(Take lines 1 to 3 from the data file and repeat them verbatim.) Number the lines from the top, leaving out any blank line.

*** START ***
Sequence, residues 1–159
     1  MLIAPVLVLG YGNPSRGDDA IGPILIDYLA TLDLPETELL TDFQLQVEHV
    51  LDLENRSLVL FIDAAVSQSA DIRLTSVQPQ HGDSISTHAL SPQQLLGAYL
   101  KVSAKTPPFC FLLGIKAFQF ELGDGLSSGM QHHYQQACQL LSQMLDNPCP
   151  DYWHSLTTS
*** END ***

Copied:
Sequence, residues 1–159
     1  MLIAPVLVLG YGNPSRGDDA IGPILIDYLA TLDLPETELL TDFQLQVEHV
    51  LDLENRSLVL FIDAAVSQSA DIRLTSVQPQ HGDSISTHAL SPQQLLGAYL